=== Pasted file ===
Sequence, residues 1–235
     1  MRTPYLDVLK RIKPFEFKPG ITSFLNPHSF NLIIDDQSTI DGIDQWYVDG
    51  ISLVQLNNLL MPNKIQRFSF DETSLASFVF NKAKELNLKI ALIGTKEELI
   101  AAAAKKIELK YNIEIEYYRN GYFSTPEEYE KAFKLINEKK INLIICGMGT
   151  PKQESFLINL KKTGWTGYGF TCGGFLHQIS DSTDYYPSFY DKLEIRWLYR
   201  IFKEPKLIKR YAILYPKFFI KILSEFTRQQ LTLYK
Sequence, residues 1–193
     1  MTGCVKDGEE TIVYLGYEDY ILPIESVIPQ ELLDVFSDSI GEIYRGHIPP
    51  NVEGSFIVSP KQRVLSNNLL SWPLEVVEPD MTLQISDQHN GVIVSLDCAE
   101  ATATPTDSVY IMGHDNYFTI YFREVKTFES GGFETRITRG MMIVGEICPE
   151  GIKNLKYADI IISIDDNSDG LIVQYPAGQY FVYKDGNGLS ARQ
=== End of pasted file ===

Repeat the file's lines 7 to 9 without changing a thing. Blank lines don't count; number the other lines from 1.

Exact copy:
Sequence, residues 1–193
     1  MTGCVKDGEE TIVYLGYEDY ILPIESVIPQ ELLDVFSDSI GEIYRGHIPP
    51  NVEGSFIVSP KQRVLSNNLL SWPLEVVEPD MTLQISDQHN GVIVSLDCAE